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Transportation

Taiwan's worst rail disaster in decades shows infrastructure flaws

The poor safety record is out of character for the progressive, democratic society

Taiwan President Tsai Ing-wen visits a victim of the train derailment at a hospital in Hualien, Taiwan on Saturday. (Source photos by Executive Yuan/AP and Taiwan Presidential Office)

TOKYO -- A fatal train derailment near the eastern Taiwan city of Hualien has exposed flaws in the island's infrastructure.

More than 50 people were killed and nearly 200 injured in Friday's crash -- Taiwan's worst rail disaster in seven decades. Authorities said the derailment was caused by a construction truck sliding down a trackside cliff and colliding with the Taroko express train.

The truck was part of project to build a wall to prevent rocks falling onto the track. The work had been commissioned by the Taiwan Railways Administration, or TRA, which operates almost all of the island's rail lines. Although the truck is suspected to have slid down the cliff because its emergency brake had not been properly engaged, local prosecutors and others are investigating the cause of the accident, including whether TRA bears management responsibility.

Transport Minister Lin Chia-lung, in a statement on his Facebook page on Sunday, said he would step down to take responsibility for the disaster.

Wang Kwo-tsai, deputy minister of transportation and communications, told reporters in Taipei on Saturday that although the probe was in its initial stages, a "mistake" had been made in preventing an accident. Wang's ministry oversees the TRA.

"I had thought that a serious accident would inevitably happen on the TRA's railway system again," Tung Hsiao-ling, who lost five relatives in a separate derailment in Yilan two and half years ago, told Nikkei Asia.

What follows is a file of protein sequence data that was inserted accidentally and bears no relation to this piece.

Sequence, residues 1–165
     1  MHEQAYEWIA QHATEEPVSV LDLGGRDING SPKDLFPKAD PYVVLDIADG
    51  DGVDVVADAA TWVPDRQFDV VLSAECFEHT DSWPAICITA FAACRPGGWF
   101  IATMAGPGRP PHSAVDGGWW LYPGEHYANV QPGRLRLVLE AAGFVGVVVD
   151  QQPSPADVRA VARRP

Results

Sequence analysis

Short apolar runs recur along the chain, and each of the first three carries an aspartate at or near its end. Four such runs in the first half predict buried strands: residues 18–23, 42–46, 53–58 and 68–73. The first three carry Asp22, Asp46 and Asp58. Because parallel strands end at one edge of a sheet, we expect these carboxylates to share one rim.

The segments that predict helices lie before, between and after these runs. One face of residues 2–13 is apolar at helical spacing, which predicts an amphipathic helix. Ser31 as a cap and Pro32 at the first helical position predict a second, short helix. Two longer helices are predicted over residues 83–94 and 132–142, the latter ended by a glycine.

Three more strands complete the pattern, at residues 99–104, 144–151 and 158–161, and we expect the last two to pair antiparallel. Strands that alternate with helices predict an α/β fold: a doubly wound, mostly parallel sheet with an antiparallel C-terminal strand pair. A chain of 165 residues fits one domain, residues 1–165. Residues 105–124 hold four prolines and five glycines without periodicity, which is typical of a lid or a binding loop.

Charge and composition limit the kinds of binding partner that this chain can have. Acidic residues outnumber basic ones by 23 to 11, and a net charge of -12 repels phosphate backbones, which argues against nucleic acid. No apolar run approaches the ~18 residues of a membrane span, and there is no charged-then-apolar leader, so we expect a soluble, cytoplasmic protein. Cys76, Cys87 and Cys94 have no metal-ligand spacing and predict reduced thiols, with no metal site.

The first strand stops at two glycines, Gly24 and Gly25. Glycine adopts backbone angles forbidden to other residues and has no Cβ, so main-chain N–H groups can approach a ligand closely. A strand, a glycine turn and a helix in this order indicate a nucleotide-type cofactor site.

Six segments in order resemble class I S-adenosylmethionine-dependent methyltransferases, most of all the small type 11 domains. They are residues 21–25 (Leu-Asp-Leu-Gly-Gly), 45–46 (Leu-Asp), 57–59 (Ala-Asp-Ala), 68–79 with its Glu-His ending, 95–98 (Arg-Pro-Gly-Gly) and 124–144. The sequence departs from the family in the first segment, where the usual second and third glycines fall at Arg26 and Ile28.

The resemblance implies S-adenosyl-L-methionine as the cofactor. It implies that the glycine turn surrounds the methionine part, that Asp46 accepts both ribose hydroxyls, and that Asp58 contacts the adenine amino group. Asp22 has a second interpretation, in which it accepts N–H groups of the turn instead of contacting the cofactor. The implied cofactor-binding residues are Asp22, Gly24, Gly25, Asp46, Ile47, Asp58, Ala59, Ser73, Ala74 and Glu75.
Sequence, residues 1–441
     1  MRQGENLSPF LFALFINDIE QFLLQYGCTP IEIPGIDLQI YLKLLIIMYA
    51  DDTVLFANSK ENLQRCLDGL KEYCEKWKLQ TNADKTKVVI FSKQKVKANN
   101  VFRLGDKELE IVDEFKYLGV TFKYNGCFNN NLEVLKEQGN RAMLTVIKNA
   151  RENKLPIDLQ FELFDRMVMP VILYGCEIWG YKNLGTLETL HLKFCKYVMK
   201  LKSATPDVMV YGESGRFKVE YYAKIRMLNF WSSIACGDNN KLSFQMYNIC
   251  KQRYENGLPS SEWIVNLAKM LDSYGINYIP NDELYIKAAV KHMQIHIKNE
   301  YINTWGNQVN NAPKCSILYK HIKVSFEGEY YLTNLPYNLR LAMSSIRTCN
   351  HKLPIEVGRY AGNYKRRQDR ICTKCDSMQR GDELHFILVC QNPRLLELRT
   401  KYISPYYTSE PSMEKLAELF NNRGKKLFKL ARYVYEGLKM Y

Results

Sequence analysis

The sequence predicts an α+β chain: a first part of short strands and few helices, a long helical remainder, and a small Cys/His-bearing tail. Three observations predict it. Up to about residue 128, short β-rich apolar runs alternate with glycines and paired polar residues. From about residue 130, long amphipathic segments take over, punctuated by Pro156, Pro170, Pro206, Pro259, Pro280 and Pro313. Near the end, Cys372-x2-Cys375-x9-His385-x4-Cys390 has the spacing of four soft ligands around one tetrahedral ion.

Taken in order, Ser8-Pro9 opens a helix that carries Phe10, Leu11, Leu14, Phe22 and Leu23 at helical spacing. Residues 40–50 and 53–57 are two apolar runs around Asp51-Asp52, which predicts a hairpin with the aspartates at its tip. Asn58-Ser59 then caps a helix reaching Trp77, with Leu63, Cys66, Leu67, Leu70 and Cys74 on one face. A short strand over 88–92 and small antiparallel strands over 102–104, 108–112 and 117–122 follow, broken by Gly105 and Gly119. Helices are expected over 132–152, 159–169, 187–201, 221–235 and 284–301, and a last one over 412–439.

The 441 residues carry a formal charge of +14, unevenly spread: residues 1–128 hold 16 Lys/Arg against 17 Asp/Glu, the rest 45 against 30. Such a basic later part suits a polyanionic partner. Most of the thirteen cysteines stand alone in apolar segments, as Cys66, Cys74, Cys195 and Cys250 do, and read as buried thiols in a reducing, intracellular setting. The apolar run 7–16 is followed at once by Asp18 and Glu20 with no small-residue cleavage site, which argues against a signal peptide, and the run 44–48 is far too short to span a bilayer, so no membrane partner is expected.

The TRA has continued to lose money for several decades. Experts say the authority has safety issues stemming from aging facilities and trains, as well as a labor shortage.

As many as 19 derailments occurred on TRA-operated lines between 2016 and 2019. While speculation has grown on whether the TRA should go private, necessary reforms have not been carried out due to objections from vested interests.

Yung-Cheng Lai, a professor at Taiwan University's Railway Technology Research Center, was involved in an inquiry into the cause of the Puyuma express train derailment in Yilan in October 2018, which killed 18 people.

"Improvement is not easy because of major problems, not only with facilities but also with software, and a low level of safety awareness," the professor told Nikkei about a year ago.

The crash comes despite Taiwan being praised by the international community for progressive policy moves in recent years, including its response to the coronavirus pandemic.

President Tsai Ing-wen has stressed her administration's track record of containing the virus through democratic means and argues against mainland China, which advocates the superiority of its authoritarian system.

In her 2021 New Year's Day address, Tsai said, "As a force for good in the world, we will continue to be an indispensable member of the international community, both now and into the future."

In 2019, Taiwan became the first place in Asia to legalize same-sex marriage. On the economic front, Taiwan has also strengthened its presence as a global high-tech industry hub, notably its chip industry led by Taiwan Semiconductor Manufacturing Co.

A damaged building is seen after an earthquake in Hualien, Taiwan on Feb. 7, 2018. (Photo by Kensaku Ihara)

But its poor infrastructure safety record is out of character for the progressive, democratic society.

Taiwan is earthquake-prone as it is situated near the boundary between the Philippine Sea Plate and the Eurasian Plate.

When a powerful quake hit the southern city of Tainan in 2016 an apartment building collapsed, raising concerns about the earthquake resistance of many buildings on the island. When a magnitude 6.4 quake hit Hualien in 2018, some 17 people died after apartments and hotel buildings collapsed.

There are lingering fears about whether problematic buildings have been identified.

In 2019, an approximately 140-meter-long arch bridge collapsed in Yilan, killing six people. An investigation by the Taiwan Transportation Safety Board found aging or corroded materials.

These disasters hit global headlines, along with the shocking images of them.

Prompt actions have led to the development of Taiwan's society and economy, but efforts to ensure infrastructure safety are costly and have yet to be properly implemented.

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